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Sunday, May 28, 2017
by Rajan Philips-May 27, 2017, 7:50 pm
May is Sri Lanka’s cruellest month insofar as flood disasters go. I looked over my past articles and practically every May I have been writing on the annual flood event and every year it has been getting worse. With alternating droughts and floods,weather disasters are no longer seasonal and are not limited geographically. The intensity and geographical reach of the current floods are quite unusual just as was the drought disaster that preceded it. The death toll has passed the 100 mark, an equal number are missing, and alarmingly the worst may not be over. Rainfall exceeding 500 mm has been registered at a number of locations in the five wet zone provinces. As in 2010, quite a few earth slips have been reported in the three Southern Province districts. Expressways, interchanges and normal roads everywhere are under water. Evacuation warnings have been given by Divisional Secretariats along the Kelani River from Kolonnawa to Avisawella.
In 2010, several UPFA ministers ganged up on the UDA, targeting it as a UNP creation. Now the UDA, no longer a ‘UNP baby’, is taking the attack to everyone else. Who does what, when and where is always a question in Sri Lanka’s unnecessarily complicated governance system, but the question hits home hard in disaster situations. The government that staged a sham of a cabinet shuffle last Monday was in deep water by the end of the week. Not that a different shuffle would have made any difference, but if the political effect of the shuffle was bewilderment on Monday, by Friday its practical effect was proved to be zero, if not negative.
No one can blame a government for no rain or too much rain, but as droughts and floods have become a recurring cycle well over a decade, it is fair to expect governments to have at least some preventative measures in place to minimize loss of life and property damage. At the least, governments should avoid doing things that magnify and aggravate the impacts of weather disasters. Instead, Ministers blame the poor shanty dwellers for the floods in Colombo. If their ‘illegal dwellings’ do not block runoff to ditches and canals, there will be no floods in Colombo. That is the political assertion, but it is nonsense.
The intensity of rainfall is the main factor determining overland runoff. The human contributor to urban flooding in Sri Lanka are not shanties but the so called ‘legal developments’ – both real estate and infrastructure, which are undertaken with little or no regard to dealing with their drainage implications. It is not that there is no technical expertise in Sri Lanka for doing this, but there is no routine requirement for assessing and addressing drainage (as well as servicing, traffic, parking and, yes, garbage) ‘impacts’ associated with new developments, as part of reviewing and approving new developments. This ‘requirement’, along with environmental impact assessment, should apply not only to private developments but also to public infrastructure development. The collapse of embankments and the flooding of roads, highways and interchanges would suggest inadequate attention to drainage in their design and construction. The existing drainage system in Colombo is grossly under capacity and flood protection measures in vulnerable areas across the country are next to nothing.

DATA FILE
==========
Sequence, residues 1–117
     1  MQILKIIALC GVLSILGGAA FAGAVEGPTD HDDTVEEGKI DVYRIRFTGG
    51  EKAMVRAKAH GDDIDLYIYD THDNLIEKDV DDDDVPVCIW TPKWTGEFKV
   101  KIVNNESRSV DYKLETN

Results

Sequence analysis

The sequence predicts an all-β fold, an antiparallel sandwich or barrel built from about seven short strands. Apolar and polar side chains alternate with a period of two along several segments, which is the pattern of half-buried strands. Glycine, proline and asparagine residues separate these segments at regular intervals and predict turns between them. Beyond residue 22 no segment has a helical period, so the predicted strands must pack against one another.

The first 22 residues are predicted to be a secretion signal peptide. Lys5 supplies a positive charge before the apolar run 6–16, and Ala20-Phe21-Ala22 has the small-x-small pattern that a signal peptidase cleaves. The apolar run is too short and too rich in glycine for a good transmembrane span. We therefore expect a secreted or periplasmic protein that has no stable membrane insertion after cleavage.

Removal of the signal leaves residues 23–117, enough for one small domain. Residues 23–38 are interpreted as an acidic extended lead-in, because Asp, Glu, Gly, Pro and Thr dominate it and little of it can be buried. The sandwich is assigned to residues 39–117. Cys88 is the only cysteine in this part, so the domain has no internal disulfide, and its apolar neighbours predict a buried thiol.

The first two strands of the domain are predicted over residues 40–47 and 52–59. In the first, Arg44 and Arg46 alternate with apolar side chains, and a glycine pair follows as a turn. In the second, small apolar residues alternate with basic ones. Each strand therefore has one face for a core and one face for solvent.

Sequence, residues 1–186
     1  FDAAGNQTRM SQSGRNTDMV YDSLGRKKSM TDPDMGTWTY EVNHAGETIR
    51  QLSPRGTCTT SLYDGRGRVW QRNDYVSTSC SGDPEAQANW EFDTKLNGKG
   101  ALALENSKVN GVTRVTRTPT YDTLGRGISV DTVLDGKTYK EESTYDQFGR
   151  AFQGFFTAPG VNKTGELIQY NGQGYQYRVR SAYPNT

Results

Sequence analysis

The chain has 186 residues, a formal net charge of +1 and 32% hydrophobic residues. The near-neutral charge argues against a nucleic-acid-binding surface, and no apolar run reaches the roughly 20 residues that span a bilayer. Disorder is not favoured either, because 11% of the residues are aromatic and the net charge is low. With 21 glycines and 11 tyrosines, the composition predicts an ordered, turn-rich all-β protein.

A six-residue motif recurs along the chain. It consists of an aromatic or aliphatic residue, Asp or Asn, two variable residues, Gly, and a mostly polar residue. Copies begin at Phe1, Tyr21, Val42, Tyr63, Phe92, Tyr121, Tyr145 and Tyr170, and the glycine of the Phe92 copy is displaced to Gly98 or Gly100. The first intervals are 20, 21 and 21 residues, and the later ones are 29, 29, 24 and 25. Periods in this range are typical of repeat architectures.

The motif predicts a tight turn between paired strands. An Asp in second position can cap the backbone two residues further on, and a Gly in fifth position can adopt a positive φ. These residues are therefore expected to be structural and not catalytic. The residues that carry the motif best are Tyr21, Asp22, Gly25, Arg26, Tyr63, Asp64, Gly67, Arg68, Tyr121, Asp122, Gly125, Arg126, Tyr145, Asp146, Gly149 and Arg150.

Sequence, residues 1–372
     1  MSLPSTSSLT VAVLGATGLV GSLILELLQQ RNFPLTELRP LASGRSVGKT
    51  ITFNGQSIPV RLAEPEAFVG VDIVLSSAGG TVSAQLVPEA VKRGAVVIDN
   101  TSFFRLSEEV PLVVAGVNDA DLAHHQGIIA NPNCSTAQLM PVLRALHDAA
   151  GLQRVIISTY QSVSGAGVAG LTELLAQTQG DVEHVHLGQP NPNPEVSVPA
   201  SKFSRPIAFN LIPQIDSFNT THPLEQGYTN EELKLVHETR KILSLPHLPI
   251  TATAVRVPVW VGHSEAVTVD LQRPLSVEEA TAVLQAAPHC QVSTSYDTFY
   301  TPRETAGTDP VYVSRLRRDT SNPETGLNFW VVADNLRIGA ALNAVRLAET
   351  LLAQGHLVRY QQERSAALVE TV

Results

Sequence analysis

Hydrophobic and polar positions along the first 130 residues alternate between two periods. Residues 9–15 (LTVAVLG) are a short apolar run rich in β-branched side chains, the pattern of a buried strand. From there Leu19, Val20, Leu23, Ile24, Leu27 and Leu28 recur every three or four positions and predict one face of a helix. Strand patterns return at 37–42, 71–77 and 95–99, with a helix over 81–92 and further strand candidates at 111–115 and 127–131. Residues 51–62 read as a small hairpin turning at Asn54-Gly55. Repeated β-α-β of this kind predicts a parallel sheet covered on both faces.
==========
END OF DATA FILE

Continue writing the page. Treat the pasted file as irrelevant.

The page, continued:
In May 2010, in similar circumstances in Colombo, I quoted the then Chief Administrator of the City, Omar Kamil, bemoaning the inadequacy of Colombo’s drainage system that has not changed much since it was built in 1938 when Colombo’s population was 80,000.Last year, I referred to an article by Justice PHK Kulatilaka, where he indicates that 17 of Sri Lanka’s 103 rivers are known flood risks, the Kelani River and Kalu Ganga among them. The British built flood protecting bunds in 1925 along the Kelani River and nothing much has happened since, except landless people becoming squatters between the bunds. Flood protection plans were developed for the Kalu Ganga basin in the 1960s and nothing has been implemented. Ratnapura goes under water year after year. It is the same story everywhere and every year.
The consequences of recurring floods and droughts will be even harder if the country’s hard infrastructure facilities start falling as they seem to have already. Cost of living and unemployment have been with us from the time of independence. Deteriorations in education and health services, chaotic roads, and the steady erosion of law and order came in later years. Now we are on to other levels of collapses. If Meetotamulla was not enough, a six storey building in Colombo came crashing down last week, and there is now admission that there are thousands of illegal buildings in Colombo and in the country. Sections of the newly built expressways are under water, and a section on the Southern Expressway has been closed for some time due to an embankment collapse. The consequences of institutional collapse are no less significant.